Eugène Delacroix painted “Ovid among the Scythians.” Exile was a common Roman punishment, as the poet Ovid found out. Photo/Metropolitan Museum of Art/Wikimedia

By Rodolfo Galvan Estrada III
The Conversation

Immigration reform is back on the agenda, with Congress taking up major legislation that could usher in a pathway to citizenship for millions of people living in the U.S. without legal status.

This, and an increase in migrants crossing the southern border to the U.S., has seen many people retreat to two common positions on the issue. Advocates for reform generally emphasize the history of America as a nation of immigrants. Meanwhile, opponents draw to the identity of America as a nation based on the rule of law, with a sovereign right to protect its borders.

Given the role that Christianity plays in many Americans’ lives and in politics in general, it shouldn’t be surprising that people from the religious right and left draw from the Bible to support their immigration perspectives.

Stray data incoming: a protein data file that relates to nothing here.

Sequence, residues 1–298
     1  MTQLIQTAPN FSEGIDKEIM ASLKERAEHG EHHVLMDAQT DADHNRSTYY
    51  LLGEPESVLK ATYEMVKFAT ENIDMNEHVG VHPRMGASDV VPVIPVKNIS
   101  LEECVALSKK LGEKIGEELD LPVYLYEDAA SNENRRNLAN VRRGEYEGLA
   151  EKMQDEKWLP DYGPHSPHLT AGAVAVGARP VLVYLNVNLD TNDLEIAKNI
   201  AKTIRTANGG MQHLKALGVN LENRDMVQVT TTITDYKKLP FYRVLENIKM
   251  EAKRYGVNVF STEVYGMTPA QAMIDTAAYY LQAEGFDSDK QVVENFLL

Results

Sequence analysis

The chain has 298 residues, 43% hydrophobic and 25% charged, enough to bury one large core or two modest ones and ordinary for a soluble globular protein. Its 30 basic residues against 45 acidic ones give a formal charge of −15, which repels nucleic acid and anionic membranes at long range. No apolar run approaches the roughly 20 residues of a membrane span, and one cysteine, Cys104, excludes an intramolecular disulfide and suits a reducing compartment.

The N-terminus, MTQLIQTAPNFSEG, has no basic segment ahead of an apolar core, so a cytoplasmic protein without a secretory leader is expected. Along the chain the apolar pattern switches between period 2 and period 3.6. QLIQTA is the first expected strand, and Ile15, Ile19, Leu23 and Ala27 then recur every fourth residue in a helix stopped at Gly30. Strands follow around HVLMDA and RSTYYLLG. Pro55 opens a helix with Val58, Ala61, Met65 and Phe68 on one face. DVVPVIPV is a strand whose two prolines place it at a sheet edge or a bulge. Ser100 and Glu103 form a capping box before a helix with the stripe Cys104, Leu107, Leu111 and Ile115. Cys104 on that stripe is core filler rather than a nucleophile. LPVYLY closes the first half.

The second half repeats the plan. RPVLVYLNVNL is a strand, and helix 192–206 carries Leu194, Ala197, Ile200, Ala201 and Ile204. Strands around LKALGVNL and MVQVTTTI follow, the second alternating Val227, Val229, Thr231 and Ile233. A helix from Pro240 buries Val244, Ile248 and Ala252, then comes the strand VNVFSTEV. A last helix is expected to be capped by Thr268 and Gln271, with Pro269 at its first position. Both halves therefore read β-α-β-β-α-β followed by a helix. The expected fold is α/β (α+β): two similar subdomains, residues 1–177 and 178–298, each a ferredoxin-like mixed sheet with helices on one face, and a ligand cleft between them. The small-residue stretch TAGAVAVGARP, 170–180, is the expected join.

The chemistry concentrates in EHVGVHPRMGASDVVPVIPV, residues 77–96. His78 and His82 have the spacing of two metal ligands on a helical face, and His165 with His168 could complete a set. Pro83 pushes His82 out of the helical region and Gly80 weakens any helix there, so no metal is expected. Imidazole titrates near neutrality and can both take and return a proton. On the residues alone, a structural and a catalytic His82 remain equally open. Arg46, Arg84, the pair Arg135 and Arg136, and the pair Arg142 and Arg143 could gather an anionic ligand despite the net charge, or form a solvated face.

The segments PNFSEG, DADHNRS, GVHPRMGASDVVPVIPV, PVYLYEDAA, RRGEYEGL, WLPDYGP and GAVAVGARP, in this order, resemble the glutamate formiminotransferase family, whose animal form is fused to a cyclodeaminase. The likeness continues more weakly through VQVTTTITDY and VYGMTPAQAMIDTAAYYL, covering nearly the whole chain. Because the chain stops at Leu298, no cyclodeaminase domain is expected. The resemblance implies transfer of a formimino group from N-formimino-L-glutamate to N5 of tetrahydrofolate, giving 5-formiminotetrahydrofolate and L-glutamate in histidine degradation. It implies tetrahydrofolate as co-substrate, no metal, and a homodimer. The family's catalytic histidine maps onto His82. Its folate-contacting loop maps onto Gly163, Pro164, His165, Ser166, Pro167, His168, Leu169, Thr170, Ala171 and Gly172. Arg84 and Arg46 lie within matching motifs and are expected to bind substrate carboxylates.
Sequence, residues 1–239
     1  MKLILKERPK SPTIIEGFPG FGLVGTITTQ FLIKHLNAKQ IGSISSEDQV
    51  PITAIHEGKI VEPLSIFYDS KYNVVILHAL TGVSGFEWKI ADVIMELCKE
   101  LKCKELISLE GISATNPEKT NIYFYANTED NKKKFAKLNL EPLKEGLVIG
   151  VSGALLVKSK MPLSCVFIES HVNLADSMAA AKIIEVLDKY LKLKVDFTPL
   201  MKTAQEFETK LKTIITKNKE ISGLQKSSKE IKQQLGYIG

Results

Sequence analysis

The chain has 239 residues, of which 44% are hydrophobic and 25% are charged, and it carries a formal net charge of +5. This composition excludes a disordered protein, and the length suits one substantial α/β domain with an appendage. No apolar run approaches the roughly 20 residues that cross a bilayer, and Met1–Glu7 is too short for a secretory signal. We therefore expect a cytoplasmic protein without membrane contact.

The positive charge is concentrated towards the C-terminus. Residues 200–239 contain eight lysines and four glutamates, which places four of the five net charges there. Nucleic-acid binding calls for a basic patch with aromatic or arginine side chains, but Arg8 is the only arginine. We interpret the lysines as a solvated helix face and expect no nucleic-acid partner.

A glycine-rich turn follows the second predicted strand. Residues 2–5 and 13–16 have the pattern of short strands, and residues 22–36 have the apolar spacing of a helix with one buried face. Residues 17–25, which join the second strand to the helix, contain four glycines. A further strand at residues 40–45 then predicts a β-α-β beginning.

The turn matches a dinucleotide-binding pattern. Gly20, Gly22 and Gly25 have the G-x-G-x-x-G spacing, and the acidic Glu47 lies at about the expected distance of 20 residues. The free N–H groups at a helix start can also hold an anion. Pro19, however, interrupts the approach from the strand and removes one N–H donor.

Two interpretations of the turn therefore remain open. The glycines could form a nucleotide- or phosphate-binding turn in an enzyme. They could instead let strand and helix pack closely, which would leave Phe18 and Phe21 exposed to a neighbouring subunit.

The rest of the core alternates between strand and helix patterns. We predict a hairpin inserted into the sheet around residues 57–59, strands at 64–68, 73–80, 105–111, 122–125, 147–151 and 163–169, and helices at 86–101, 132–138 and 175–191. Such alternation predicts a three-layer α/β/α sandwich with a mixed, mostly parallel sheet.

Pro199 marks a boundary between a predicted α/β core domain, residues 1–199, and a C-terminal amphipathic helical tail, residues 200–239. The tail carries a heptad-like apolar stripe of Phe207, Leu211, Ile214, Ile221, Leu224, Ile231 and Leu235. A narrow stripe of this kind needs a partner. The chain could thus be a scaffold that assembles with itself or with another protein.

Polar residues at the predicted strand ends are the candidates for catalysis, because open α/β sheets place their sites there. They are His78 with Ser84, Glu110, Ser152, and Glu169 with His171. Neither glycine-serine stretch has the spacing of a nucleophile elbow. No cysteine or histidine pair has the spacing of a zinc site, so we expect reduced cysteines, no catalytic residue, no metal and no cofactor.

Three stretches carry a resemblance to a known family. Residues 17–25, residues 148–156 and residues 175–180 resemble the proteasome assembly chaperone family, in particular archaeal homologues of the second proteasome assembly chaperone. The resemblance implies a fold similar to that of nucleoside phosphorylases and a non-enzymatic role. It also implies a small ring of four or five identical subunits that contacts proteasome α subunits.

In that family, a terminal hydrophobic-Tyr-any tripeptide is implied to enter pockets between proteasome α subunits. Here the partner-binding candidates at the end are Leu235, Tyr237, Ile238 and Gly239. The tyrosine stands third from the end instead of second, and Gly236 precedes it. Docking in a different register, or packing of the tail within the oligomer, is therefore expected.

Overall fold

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A reflection on anti-Asian violence

Stop the hate against Asians posters from rally in Summit NJ, March 27. Photo/George Lou/Wikimedia Commons

By Allen K. Shin

Suffragan Bishop Allen K. Shin of the Diocese of New York wrote this message on March 18 to the people of the diocese after a number of violent incidents, including the March 16 mass shooting in Atlanta that included eight Asian-Americans.

Shin

My Brothers and Sisters,

The pandemic this past year has brought many challenges in our lives both personally and collectively.

One thing it has brought to light is the virus of white supremacy and racism which has infected the soul of America for centuries.

It has played out in racial inequalities with a devastating effect on the lives of the people of color in marginalized and underprivileged communities, in terms of COVID infections and deaths, of economic hardship, and even of the vaccine rollouts.

The killings of Breonna Taylor, George Floyd, and many other African Americans have revealed the insidious nature of the racist structures and systems and of white supremacy in our society.